The second problem with these sites is matching policy positions with parties. As an example, iSideWith said I disagreed with the Lib Dems because I want to replace the House of Lords with a fully-elected chamber, which has been Lib Dem policy since forever! Their evidence for the Lib Dems’ stance on various issues also seems to be taken from our ministers voting with the Government rather than the party’s policy uncontaminated by Coalition.
I was spurred to write this piece because pretty much every Lib Dem party member I’ve seen taking the Political Compass test has ended up in the “left / libertarian” quadrant, roughly in the middle – some just edge over the axis into the right wing, and some are more or less libertarian, but they’re all in that area. This might be sample bias, but I think I have plenty of Lib Dem friends representing a wide variety of opinions within the party. Firstly, this reinforces my point (assuming the Political Compass model is valid) that there’s far more that unites us as a party than divides us.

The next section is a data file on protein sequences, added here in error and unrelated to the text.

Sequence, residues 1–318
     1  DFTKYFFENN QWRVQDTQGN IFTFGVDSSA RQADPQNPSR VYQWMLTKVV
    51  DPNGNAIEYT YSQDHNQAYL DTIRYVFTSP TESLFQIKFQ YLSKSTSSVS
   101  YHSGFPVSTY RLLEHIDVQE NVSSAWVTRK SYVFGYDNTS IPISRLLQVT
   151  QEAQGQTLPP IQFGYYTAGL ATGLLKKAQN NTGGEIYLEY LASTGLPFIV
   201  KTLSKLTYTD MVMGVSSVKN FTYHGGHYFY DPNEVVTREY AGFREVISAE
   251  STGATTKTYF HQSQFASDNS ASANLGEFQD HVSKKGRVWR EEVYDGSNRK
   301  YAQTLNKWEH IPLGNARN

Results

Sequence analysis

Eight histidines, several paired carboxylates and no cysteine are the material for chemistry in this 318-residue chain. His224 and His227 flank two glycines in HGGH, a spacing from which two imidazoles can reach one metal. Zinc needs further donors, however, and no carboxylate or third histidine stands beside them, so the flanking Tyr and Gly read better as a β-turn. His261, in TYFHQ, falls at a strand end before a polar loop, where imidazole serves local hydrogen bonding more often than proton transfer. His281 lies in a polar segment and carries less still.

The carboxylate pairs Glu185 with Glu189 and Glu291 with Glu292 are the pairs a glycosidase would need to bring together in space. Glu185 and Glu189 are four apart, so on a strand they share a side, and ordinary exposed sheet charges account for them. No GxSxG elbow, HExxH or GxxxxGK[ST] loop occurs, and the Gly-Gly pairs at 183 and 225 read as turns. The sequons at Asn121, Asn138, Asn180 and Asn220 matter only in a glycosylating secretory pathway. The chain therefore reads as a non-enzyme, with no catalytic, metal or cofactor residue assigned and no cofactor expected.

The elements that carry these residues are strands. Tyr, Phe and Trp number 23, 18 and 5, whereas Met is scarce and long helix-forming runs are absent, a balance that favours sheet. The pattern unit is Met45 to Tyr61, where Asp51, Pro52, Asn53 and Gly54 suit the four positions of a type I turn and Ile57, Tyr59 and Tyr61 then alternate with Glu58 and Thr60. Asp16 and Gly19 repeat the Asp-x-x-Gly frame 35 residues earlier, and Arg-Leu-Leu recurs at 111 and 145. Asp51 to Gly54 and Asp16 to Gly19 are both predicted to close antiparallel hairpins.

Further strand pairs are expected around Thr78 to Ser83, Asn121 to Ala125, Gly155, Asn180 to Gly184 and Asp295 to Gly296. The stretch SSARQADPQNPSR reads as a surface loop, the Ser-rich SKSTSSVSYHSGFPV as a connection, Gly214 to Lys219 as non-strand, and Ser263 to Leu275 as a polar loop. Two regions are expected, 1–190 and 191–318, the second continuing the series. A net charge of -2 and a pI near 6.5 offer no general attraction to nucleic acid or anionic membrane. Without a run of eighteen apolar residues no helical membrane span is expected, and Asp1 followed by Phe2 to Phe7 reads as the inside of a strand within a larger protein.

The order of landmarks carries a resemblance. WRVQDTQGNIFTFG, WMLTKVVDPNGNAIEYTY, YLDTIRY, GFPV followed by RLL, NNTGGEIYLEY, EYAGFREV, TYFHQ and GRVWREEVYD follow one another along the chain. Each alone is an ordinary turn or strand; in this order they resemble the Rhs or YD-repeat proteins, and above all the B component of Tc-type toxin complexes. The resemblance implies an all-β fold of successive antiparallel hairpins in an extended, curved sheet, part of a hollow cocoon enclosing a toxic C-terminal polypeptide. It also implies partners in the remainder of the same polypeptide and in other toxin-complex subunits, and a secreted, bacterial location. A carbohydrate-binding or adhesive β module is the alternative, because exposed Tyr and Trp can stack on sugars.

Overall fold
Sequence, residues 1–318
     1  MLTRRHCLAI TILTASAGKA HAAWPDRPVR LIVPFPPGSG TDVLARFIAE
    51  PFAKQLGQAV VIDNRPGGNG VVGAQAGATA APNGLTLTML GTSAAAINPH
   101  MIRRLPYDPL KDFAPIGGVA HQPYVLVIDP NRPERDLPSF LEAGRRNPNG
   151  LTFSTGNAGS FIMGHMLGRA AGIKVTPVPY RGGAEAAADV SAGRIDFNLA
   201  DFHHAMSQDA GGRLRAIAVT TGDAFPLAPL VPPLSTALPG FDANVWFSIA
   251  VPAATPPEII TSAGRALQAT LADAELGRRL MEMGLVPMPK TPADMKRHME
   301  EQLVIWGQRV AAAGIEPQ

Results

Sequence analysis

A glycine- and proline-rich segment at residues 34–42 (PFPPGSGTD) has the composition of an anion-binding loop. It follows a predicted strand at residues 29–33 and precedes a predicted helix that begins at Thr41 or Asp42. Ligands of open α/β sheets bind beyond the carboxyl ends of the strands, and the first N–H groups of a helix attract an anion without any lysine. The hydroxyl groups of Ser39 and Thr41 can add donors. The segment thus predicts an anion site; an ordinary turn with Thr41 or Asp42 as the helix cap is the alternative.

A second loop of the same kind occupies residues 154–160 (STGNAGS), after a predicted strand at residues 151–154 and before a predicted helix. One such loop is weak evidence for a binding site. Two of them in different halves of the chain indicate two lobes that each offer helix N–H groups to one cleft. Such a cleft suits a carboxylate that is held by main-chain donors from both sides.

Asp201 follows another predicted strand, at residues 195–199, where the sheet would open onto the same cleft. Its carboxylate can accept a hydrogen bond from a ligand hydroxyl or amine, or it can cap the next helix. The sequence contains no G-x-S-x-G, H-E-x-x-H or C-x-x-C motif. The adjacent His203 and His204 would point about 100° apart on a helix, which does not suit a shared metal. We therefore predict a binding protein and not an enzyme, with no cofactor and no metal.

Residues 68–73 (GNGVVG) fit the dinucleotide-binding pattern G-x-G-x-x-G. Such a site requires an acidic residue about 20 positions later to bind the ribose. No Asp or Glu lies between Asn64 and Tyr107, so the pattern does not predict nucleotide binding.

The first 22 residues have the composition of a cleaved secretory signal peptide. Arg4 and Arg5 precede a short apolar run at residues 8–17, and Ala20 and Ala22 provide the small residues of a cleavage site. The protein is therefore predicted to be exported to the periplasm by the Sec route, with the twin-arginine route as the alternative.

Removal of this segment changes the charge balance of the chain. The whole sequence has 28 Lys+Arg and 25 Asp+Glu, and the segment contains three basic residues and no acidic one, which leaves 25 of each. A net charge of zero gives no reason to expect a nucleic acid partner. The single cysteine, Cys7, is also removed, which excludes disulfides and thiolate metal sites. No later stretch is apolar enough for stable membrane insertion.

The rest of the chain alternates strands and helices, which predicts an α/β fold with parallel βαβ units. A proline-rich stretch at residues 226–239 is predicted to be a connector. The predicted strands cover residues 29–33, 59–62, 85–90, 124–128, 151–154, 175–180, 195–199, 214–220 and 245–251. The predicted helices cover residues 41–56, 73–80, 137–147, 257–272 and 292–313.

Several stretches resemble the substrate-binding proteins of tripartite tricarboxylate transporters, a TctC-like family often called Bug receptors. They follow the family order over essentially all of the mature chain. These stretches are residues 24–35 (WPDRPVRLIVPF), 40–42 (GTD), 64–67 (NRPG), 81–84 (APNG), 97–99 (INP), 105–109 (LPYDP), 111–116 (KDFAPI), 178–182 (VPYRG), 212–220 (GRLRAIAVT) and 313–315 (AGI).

Secondly, and more importantly, it’s interesting to note that none of the Lib Dem results I’ve seen match up anywhere near the Lib Dem “position” on the Political Compass website; I went to have a look at how the results are calibrated for the UK 2015 General Election, and found this quote:
The Lib Dems are now widely — and correctly — viewed as a party of few fixed principles, and their vote this time may haemorrhage more to the Greens than to Labour.
Political Compass is describing the Lib Dems as a right-wing, mildly authoritarian party, and the descriptions page seems to be written by a Green supporter. With pretty much every Lib Dem I’ve seen scoring where they put the Greens (and the Greens I’ve seen generally being further left and more authoritarian than the Lib Dems), I can’t see that they’ve calibrated on anything other than biased opinion. Also, their positioning of parties means that almost everybody who takes their test will show up closest to the Greens. I’ve seen Green supporters tell people they should vote for the Green Party on the basis of this, so it’s actively being used as a recruiting tool.